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Discussion Starter #1
So I had built my own little makeshift blacksmith forge and forklift tine anvil to play around on. I decided I wanted something better. So I scored a 176lb trenton anvil for $85 bucks at a local auction. Forges though are hard to find. I went to a blacksmiths auction in Greencastle PA but everything went for stupid money. While talking to someone I was standing next to, he mentioned that he had a blacksmith's forge that he had never used and that I could buy it if I wanted to. So I met him and purchased this for $75. It was in rough shape but thats fine, I like restoring old stuff.

How it was when I bought it.








This is what the insides looked like when I took everything apart completely. The blower fan and its blades are in great shape. All of the bearings are poured Babbit bearings.



Notice how its basically riveted together. That toothed hub is a separate piece from the the overall fly wheel assembly.





This is after wire wheeling everything off and pressure washing it.







Everything is painted and ready for assembly. I used 2000 degree engine paint for this so hopefully it holds up well.



The only thing the forge was missing was a firepot. You can tell whoever had it before this guy had gotten it waaaaaaay to hot. There was an extra bracket and belt on the forge, I'm guessing this genius hooked this up to a motor and didn't realize how much air that impeller pushes out. He probably melted or cracked the firepot.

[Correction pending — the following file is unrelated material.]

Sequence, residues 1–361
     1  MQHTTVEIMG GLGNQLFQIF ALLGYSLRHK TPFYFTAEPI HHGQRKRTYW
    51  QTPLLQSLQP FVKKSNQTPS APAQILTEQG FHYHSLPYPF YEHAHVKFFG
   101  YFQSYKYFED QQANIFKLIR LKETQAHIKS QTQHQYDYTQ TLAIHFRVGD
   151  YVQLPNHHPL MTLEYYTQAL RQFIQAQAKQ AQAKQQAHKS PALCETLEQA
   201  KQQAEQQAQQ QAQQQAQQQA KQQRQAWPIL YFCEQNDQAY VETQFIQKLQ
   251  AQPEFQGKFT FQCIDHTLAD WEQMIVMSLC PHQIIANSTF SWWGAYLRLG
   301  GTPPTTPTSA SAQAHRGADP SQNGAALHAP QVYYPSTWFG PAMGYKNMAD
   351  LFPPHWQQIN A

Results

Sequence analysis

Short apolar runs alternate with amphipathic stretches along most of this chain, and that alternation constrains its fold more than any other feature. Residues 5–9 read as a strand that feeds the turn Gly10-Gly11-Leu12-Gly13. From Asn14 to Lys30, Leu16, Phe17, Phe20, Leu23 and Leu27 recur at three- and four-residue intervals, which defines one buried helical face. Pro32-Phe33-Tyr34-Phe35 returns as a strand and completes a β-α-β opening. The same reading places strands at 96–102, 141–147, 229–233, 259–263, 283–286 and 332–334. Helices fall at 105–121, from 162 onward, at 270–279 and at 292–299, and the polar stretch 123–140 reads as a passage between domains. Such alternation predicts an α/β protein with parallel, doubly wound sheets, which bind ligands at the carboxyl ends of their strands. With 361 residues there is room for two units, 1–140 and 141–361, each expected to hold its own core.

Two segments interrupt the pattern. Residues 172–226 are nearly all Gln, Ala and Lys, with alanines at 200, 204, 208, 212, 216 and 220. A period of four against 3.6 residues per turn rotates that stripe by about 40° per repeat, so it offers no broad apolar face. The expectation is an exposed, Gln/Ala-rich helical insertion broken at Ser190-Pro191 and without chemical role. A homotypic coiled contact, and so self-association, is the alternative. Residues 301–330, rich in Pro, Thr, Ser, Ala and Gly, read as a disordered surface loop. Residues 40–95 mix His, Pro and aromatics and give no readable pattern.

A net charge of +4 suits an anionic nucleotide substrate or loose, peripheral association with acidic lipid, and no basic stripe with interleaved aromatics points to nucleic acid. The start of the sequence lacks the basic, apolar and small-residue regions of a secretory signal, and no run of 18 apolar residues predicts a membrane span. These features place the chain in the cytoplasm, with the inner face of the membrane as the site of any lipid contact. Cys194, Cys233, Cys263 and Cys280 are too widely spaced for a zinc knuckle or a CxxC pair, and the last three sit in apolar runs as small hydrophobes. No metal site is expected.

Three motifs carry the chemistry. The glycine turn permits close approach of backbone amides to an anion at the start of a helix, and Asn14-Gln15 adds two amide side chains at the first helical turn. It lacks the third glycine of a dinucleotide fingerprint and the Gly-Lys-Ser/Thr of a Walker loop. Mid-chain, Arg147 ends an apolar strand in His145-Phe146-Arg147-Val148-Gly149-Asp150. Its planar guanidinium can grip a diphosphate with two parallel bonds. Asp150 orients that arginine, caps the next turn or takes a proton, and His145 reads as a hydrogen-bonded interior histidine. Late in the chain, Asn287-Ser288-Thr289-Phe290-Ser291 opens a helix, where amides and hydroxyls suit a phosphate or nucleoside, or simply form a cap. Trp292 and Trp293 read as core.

I made this firepot out of an F150 brake rotor and some 1/4 plate I had lying around welded to 3 inch exhaust tubing. I welded brackets onto it for it to tighten to the top of the blower. Don't laugh at my welds, I crunch numbers behind a desk all day so I'm just happy I can make 2 pieces of metal stick together haha.





Here it is mostly finished. I used a spare adjustable belt that I had laying around to attach the blower and flywheel. It took about 30 minutes to get everything straight and adjusted correctly.



In the below video you can see me turn it for the first time. Its really neat how these things operate. They originally used leather belts which I am in the process of making. For the time being I put 550 paracord on there to get length measurements for the belts to make sure everything worked correctly.

As you can see in the video it took some effort to get it to spin. The 2 screws that attached the belts to the clutch were contacting the shaft the flywheel spins on. After I loosened those and added another link to the belt it was a whole lot easier to operate.

The last things I need are actual leather grommeted belts and to line the firepot with castable refractory.

https://youtu.be/PPa6lgaUHjg
 

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Discussion Starter #3
Haha not really but it was a fun project. I was lucky that it was in such good shape relatively speaking. I've seen some others on the internet that had been very neglected and eaten away by rust.
 

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Discussion Starter #5
Blacksmithing stuff is out there, it's just either unusable or crazy expensive because of antique dealers.
 
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